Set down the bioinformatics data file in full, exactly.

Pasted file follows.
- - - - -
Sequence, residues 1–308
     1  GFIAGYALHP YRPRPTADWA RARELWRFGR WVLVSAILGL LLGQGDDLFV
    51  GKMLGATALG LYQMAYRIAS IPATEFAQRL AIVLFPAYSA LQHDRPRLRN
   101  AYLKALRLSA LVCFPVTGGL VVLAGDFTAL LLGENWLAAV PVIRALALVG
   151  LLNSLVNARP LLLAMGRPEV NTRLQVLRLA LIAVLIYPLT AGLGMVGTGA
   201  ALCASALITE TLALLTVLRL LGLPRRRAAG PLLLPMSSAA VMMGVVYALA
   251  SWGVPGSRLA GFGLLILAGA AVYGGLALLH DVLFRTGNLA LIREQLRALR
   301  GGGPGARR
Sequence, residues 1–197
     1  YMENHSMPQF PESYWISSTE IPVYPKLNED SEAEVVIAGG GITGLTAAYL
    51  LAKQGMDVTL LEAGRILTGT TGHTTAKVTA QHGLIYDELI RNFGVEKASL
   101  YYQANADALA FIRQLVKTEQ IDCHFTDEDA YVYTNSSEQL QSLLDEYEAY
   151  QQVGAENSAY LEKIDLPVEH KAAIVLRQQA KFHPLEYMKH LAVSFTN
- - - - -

Sequence, residues 1–308
     1  GFIAGYALHP YRPRPTADWA RARELWRFGR WVLVSAILGL LLGQGDDLFV
    51  GKMLGATALG LYQMAYRIAS IPATEFAQRL AIVLFPAYSA LQHDRPRLRN
   101  AYLKALRLSA LVCFPVTGGL VVLAGDFTAL LLGENWLAAV PVIRALALVG
   151  LLNSLVNARP LLLAMGRPEV NTRLQVLRLA LIAVLIYPLT AGLGMVGTGA
   201  ALCASALITE TLALLTVLRL LGLPRRRAAG PLLLPMSSAA VMMGVVYALA
   251  SWGVPGSRLA GFGLLILAGA AVYGGLALLH DVLFRTGNLA LIREQLRALR
   301  GGGPGARR
Sequence, residues 1–197
     1  YMENHSMPQF PESYWISSTE IPVYPKLNED SEAEVVIAGG GITGLTAAYL
    51  LAKQGMDVTL LEAGRILTGT TGHTTAKVTA QHGLIYDELI RNFGVEKASL
   101  YYQANADALA FIRQLVKTEQ IDCHFTDEDA YVYTNSSEQL QSLLDEYEAY
   151  QQVGAENSAY LEKIDLPVEH KAAIVLRQQA KFHPLEYMKH LAVSFTN